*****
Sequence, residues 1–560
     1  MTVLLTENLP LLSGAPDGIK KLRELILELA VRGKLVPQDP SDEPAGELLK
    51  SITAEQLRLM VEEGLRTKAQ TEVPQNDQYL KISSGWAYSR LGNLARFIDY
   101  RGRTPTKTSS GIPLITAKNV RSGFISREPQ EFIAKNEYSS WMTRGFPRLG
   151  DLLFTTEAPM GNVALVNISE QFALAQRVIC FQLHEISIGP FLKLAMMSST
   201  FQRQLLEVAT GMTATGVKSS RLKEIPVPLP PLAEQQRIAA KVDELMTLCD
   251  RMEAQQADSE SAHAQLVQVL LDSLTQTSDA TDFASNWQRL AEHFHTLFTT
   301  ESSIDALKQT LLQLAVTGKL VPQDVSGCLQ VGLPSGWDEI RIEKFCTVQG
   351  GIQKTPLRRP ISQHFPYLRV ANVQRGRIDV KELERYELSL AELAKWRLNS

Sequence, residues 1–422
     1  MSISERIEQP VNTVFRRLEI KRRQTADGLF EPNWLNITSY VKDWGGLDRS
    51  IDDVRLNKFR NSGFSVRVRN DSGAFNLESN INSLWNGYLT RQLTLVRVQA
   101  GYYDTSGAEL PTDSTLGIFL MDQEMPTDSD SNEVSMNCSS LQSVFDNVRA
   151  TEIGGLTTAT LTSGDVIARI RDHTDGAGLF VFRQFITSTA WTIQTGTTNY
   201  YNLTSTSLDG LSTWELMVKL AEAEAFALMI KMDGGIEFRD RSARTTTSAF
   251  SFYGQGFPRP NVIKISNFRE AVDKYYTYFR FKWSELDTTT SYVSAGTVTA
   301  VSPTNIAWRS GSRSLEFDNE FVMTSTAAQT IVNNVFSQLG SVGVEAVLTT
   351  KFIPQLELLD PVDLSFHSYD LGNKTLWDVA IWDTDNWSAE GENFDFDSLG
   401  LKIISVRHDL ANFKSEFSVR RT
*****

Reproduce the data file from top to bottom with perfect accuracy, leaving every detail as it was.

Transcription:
Sequence, residues 1–560
     1  MTVLLTENLP LLSGAPDGIK KLRELILELA VRGKLVPQDP SDEPAGELLK
    51  SITAEQLRLM VEEGLRTKAQ TEVPQNDQYL KISSGWAYSR LGNLARFIDY
   101  RGRTPTKTSS GIPLITAKNV RSGFISREPQ EFIAKNEYSS WMTRGFPRLG
   151  DLLFTTEAPM GNVALVNISE QFALAQRVIC FQLHEISIGP FLKLAMMSST
   201  FQRQLLEVAT GMTATGVKSS RLKEIPVPLP PLAEQQRIAA KVDELMTLCD
   251  RMEAQQADSE SAHAQLVQVL LDSLTQTSDA TDFASNWQRL AEHFHTLFTT
   301  ESSIDALKQT LLQLAVTGKL VPQDVSGCLQ VGLPSGWDEI RIEKFCTVQG
   351  GIQKTPLRRP ISQHFPYLRV ANVQRGRIDV KELERYELSL AELAKWRLNS

Sequence, residues 1–422
     1  MSISERIEQP VNTVFRRLEI KRRQTADGLF EPNWLNITSY VKDWGGLDRS
    51  IDDVRLNKFR NSGFSVRVRN DSGAFNLESN INSLWNGYLT RQLTLVRVQA
   101  GYYDTSGAEL PTDSTLGIFL MDQEMPTDSD SNEVSMNCSS LQSVFDNVRA
   151  TEIGGLTTAT LTSGDVIARI RDHTDGAGLF VFRQFITSTA WTIQTGTTNY
   201  YNLTSTSLDG LSTWELMVKL AEAEAFALMI KMDGGIEFRD RSARTTTSAF
   251  SFYGQGFPRP NVIKISNFRE AVDKYYTYFR FKWSELDTTT SYVSAGTVTA
   301  VSPTNIAWRS GSRSLEFDNE FVMTSTAAQT IVNNVFSQLG SVGVEAVLTT
   351  KFIPQLELLD PVDLSFHSYD LGNKTLWDVA IWDTDNWSAE GENFDFDSLG
   401  LKIISVRHDL ANFKSEFSVR RT